Those fighting to change the way Terrebonne Parish elects its judges received some celebrity endorsements tonight when relatives of the Rev. Martin Luther King Jr. and the brother of Rev. Al Sharpton visited the NAACP office to show their support.
A federal judge ruled Aug. 17 the state’s use of at-large voting for electing its five judges in Terrebonne discriminates against black voters.
King’s nephew, Isaac Farris, congratulated members of NAACP and its supporters on their recent victory but warned them the fight was far from over.
“Not everyone’s happy about this, not everyone’s supportive of it, but don’t let that deter you,” Farris said. “You’ve come too far to turn back. This is a major victory not only for Terrebonne Parish but for what’s happening in our country right now.”
Although he wasn’t in attendance Saturday, King’s oldest son, Martin Luther King III, commended the crowd via teleconference.
“As you’re well aware, my father and many others from Louisiana worked diligently to ensure that African-Americans and many who had been excluded from the process could ultimately become voters,” King III said. “This maximizes the opportunity for people to vote. This is a great victory for this county, the state and people around the nation. The fight is not over, but we are making strides.”
In 2014, the Terrebonne chapter of the NAACP filed a lawsuit against the state over its voting practices for judges. Plaintiffs championed a new system that would include five single-member districts for judges, including one with a voter majority made up of blacks and other minorities.
The Attorney General’s Office criticized the judge’s ruling and filed a notice of appeal.
Farris said the fight to create a minority subdistrict in Terrebonne Parish isn’t just about electing a black judge.
“This is about the opportunity for black people to elect the best person to represent them,” Farris said. “We have to vote for people who think like us, not just look like us. This about our people having their voices heard.”
The Rev. Kenneth Sharpton Glasgow, brother of the Rev. Al Sharpton, said the battle over judicial voting in Terrebonne Parish represents one of the many struggles for equality since the end of slavery.
“What you see in Terrebonne Parish is the continuation of the struggle,” Glasgow said. “What we have seen in this victory is that when they tried to do this gerrymandering, Terrebonne Parish said, ‘Not I.’”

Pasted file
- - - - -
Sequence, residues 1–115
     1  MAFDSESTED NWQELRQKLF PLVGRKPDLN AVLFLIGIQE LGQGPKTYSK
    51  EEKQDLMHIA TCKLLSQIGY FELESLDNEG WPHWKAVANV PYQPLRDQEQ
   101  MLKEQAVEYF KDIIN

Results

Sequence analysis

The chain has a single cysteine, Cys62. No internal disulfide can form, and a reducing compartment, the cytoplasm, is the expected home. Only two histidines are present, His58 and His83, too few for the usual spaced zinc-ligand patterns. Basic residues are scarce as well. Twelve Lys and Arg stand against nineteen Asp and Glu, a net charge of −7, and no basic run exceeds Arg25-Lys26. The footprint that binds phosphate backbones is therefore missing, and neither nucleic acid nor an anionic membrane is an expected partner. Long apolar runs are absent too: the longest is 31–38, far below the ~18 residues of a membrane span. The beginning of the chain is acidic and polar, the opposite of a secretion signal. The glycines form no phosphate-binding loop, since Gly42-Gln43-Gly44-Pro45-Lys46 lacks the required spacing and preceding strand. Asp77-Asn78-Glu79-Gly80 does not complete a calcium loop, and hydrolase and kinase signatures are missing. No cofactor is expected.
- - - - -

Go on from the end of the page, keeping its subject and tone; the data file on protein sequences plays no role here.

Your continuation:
NAACP President Jerome Boykin said the state continues to waste taxpayer dollars fighting the judge’s decision instead using the time to focus on a way to remedy the problem.
“About three weeks ago the attorney general and governor’s lawyer came to Terrebonne Parish to have a private meeting with all the white elected officials,” Boykin said. “No black elected official was invited to that meeting. We won the court case, but instead of the governor and Attorney General’s Office coming to Terrebonne to meet with both sides they go visit with the losing side. We have a serious problem in Terrebonne Parish and it’s going to take everyone in this room to help educate our people on what needs to happen.”
Another one of King’s nephews in attendance, the Rev. Derek King, compared Terrebonne’s battle for a minority judicial district to the bridge of the Starship Enterprise during an enemy attack.
“It’s looking bad for the Enterprise, and I’m on the edge of my seat wondering what they’re going to do to get out of this one," Derek King said. “All of a sudden the screen goes black. At the bottom of the screen it says ‘to be continued.’ When Dr. King fell, the screen went black. White supremacists, racists and neo-Nazis rejoiced. They thought it was over, but they didn’t watch the screen long enough. They didn’t see ‘to be continued.’ Here we are in Terrebonne Parish in 2017 making sure the work will go on.”
--Staff Writer Dan Copp can be reached at 857-2202 or at firstname.lastname@example.org. Follow him on Twitter@DanVCopp.